• Alex

    Thanks, I needed this reminder. I generally love my job and get to work outside during summers, but still get jealous when I see all the instagrammers out there who seem to be on a permanent climbing/ ski road trip.

    • harry

      Amen, Alex — social media has really turned up the heat on the “life envy” thing. I try to remind myself everyday that the Web is not life. Life is messier… and richer.

  • Willie Bailey

    Thanks Brendan.
    I put Brian’s book on hold at the library and I’m going to share this with a few of my firefighting brothers at work. You always have a few who don’t realize how great their profession is, how lucky they are to have the position and the simple fact of just living another day. Great post. Yay life!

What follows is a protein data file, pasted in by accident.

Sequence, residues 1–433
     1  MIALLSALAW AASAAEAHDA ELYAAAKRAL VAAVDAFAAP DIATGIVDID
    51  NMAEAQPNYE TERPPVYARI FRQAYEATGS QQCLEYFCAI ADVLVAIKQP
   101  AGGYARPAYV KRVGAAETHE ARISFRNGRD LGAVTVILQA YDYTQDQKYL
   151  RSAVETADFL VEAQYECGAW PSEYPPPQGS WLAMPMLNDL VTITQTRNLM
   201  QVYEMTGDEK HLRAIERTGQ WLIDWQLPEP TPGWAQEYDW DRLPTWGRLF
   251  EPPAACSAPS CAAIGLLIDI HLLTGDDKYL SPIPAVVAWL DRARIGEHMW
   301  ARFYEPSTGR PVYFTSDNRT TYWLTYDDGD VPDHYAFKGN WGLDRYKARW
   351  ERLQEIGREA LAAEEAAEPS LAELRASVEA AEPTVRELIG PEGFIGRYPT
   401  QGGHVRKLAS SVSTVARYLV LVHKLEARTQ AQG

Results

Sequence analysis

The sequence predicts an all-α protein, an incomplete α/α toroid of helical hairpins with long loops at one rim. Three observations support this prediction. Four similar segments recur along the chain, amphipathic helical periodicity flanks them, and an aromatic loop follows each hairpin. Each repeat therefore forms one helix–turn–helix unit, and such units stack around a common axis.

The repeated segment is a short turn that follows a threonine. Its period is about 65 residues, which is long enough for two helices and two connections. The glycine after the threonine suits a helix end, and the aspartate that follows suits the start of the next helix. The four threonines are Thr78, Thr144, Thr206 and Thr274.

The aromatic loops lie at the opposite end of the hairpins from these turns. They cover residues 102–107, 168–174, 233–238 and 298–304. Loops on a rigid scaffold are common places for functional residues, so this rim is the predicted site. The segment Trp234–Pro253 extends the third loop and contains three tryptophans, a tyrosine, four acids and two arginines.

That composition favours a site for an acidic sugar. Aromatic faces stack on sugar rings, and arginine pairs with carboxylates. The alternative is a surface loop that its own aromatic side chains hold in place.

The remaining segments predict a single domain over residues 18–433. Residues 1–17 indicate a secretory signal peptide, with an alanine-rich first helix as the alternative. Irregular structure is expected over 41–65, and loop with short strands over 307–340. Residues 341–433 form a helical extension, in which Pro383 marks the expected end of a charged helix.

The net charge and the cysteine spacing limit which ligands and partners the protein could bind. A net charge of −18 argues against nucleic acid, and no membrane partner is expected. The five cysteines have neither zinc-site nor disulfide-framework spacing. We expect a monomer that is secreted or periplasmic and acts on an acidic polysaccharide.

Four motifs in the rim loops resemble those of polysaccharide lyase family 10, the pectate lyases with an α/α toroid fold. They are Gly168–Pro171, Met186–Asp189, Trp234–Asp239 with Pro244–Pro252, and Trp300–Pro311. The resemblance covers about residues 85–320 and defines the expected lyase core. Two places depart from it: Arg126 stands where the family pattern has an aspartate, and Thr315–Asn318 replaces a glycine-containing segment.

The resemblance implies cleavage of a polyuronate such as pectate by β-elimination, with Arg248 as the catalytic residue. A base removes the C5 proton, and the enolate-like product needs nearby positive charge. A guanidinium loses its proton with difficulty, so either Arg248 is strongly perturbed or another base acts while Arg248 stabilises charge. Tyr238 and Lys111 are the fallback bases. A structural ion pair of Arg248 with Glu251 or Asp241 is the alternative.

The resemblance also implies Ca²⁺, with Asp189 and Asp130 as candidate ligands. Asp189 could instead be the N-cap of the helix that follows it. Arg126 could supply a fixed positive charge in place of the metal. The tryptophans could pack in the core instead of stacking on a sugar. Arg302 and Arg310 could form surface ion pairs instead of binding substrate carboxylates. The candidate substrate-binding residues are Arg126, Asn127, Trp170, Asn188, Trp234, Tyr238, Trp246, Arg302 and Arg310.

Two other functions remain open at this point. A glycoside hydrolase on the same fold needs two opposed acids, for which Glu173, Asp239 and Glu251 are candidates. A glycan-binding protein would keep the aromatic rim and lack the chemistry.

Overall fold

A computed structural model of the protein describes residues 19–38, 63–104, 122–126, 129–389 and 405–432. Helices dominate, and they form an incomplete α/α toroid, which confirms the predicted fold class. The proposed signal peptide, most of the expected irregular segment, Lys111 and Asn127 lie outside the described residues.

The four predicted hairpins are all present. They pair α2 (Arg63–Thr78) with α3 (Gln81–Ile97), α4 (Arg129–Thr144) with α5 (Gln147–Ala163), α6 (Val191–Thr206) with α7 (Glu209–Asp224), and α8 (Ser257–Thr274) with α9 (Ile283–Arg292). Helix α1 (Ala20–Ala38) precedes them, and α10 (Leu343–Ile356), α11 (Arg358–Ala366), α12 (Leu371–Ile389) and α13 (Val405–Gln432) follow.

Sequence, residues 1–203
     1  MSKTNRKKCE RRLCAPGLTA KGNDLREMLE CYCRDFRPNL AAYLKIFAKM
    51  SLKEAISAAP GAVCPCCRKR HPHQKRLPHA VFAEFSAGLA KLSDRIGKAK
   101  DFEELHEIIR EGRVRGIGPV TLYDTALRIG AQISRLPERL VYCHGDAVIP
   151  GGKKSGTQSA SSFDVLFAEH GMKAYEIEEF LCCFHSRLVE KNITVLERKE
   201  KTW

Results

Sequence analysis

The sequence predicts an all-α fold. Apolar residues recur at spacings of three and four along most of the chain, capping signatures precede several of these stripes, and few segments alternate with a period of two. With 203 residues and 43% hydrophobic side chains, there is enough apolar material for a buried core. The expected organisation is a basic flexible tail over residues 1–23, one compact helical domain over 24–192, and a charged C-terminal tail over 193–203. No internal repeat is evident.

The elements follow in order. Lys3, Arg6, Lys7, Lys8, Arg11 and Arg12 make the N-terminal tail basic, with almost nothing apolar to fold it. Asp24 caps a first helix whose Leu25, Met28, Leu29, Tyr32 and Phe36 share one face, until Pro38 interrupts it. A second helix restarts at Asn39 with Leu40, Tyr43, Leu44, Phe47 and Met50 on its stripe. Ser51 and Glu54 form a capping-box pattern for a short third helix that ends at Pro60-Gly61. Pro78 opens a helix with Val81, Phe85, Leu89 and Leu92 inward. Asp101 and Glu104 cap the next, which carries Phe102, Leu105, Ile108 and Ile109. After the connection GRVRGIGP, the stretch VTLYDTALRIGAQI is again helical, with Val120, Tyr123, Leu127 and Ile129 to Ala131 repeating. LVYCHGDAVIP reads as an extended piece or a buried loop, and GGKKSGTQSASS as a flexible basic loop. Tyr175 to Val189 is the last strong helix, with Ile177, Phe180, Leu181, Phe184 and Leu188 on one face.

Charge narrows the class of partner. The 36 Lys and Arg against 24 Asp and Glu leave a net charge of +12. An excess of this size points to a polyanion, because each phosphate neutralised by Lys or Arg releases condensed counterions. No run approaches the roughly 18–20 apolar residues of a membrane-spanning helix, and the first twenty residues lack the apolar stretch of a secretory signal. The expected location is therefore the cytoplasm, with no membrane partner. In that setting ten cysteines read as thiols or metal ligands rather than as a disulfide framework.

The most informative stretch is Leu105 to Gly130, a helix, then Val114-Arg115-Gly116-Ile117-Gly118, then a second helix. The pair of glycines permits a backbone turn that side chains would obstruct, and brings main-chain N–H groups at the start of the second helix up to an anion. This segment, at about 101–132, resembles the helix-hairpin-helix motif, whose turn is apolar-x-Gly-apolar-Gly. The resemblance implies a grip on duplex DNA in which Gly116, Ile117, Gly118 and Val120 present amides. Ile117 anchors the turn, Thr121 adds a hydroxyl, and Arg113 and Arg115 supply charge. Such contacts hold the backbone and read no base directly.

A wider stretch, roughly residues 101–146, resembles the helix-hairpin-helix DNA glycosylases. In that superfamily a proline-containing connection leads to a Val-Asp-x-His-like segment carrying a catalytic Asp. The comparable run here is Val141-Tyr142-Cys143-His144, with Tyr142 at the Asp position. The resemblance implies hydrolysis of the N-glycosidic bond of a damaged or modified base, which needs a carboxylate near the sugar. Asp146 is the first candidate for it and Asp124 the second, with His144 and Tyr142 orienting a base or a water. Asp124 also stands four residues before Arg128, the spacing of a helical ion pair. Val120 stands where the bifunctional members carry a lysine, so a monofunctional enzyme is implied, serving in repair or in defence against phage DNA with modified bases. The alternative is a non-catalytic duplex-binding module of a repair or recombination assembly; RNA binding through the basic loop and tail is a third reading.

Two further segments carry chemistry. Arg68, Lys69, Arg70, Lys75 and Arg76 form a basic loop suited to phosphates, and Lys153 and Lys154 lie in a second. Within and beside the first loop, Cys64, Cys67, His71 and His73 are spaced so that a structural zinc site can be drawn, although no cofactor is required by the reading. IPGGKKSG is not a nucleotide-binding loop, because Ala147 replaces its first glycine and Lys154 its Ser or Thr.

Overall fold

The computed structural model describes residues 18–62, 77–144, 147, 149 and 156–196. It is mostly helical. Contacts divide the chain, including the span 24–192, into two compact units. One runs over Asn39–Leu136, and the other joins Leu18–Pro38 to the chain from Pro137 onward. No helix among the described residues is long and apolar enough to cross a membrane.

• Tony

    Great post. I don’t think having sex or eating ice cream for 40 hours a week for 40 years is viable. Like most things that we dream of doing the dream is shattered the moment we start to realise it and in the end there is only contrast. We can only measure happiness with a reference point of misery, wealth with poverty, laughter with sadness etc. etc. If anybody thinks they are going to love their job 100% of the time they are deluded, it’s not possible because how would you know that it was making you happy if that is all you have ever known.

  • andrzej brandt

    you nailed it Brendon!
    in this crazy pursuit for the great dream job/life we really seem to be loosing the contact with the basics and the ordinary (which is not so ordinary 😉 ).

  • JT

    God bless the Trustafarian who’s got there own.
    For the rest of us – if you think work sucks, try broke and homeless.

  • Caroline